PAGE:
In The Problem of Pain Chapter 4 (Human Wickedness), C.S. Lewis says

  1. Perhaps my harping on the word ‘kindness’ has already aroused a protest in some readers’ minds. Are we not really an increasingly cruel age? Perhaps we are: but I think we have become so in the attempt to reduce all virtues to kindness. For Plato rightly taught that virtue is one. You cannot be kind unless you have all the other virtues. If, being cowardly, conceited and slothful, you have never yet done a fellow creature great mischief, that is only because your neighbour’s welfare has not yet happened to conflict with your safety, self-approval, or ease. Every vice leads to cruelty. Even a good emotion, pity, if not controlled by charity and justice, leads through anger to cruelty. Most atrocities are stimulated by accounts of the enemy’s atrocities; and pity for the oppressed classes, when separated from the moral law as a whole, leads by a very natural process to the unremitting brutalities of a reign of terror.

Did Lewis ever indicate what examples he was thinking of? What is the “very natural process” by which he thought pity for oppressed people would lead to a reign of terror?

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    The Russian revolution would seem to fit - a revolution to free the oppressed underclasses that turned into a reign of terror. Jul 23, 2018 at 17:21
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    @DJClayworth, the French revolution fits, too. Pity for the underclasses leading to the brutal murders of the aristocracy followed by the brutal murders of those who challenged the state. This is a good question, but I don't know the source well enough to know if Lewis is talking about the individual or society. An individual may use society's pity of the underclass to leverage personal ambition, often with a trail of bodies, but would the paragraph apply wholly to an individual? Is there an example of an indivual, feeling pity, leading to just that individual's acts of cruelty? Jul 23, 2018 at 18:20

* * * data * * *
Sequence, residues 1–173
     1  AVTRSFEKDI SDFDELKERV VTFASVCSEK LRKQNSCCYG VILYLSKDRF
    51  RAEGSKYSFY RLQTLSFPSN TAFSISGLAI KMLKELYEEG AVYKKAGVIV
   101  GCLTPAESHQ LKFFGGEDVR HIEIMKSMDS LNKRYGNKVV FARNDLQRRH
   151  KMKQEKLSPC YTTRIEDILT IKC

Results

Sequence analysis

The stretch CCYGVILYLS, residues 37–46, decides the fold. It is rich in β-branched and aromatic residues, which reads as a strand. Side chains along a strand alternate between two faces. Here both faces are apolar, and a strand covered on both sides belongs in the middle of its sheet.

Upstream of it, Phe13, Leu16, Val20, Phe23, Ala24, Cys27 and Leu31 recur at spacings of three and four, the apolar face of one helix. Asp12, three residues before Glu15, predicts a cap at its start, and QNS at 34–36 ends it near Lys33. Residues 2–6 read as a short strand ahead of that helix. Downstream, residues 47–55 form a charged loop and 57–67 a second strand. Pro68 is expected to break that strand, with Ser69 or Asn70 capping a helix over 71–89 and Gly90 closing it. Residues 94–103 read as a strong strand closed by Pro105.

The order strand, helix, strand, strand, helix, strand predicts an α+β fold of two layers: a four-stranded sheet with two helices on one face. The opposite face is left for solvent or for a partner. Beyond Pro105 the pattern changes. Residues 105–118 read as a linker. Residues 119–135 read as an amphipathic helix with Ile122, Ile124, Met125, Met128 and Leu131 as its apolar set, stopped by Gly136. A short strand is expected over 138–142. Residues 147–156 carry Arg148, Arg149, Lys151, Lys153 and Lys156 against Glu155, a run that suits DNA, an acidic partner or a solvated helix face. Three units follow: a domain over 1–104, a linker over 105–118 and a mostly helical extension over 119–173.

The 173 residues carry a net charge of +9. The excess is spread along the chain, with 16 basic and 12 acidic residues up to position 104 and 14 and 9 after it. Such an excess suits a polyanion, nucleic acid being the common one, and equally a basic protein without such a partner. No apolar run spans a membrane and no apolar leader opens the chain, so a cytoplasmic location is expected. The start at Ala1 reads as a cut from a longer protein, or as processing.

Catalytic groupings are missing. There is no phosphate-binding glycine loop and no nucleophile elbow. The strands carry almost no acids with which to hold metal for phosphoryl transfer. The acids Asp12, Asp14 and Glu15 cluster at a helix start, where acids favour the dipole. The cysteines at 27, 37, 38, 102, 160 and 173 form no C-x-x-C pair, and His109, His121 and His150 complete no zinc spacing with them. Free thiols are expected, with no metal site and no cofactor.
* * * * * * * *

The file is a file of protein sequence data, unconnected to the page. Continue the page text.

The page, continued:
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    However, and I apologize for asking, what does this have to do with Christianity? Why did you ask here and not Philosophy.SE? Jul 23, 2018 at 18:22
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    I'm curious about the answer as informed by Christian theology, not from philosophy per se. Jul 23, 2018 at 18:26
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    @JBH Or Anglican, or Reformed, or whatever, given that Lewis was not a Catholic. Jul 24, 2018 at 13:49

1 Answer 1


The very term "Reign of Terror" means he is almost certainly thinking of the French Revolution. The term refers to a period of the French Revolution in which the revolutionaries carried out massacres, arbitrary arrests and killings, show trials, and much else in the name of "freedom for the people".

The French Revolution fits the bill really well. Most people would admit that the French people were oppressed before the Revolution, and that something needed to be done to free them. The Revolution was perhaps created through 'pity' for the ordinary people. But the results of the Revolution included terror and tyranny, something actually named the "Reign of Terror".

Other revolutions, including the Russian, might well have been in his mind as well.

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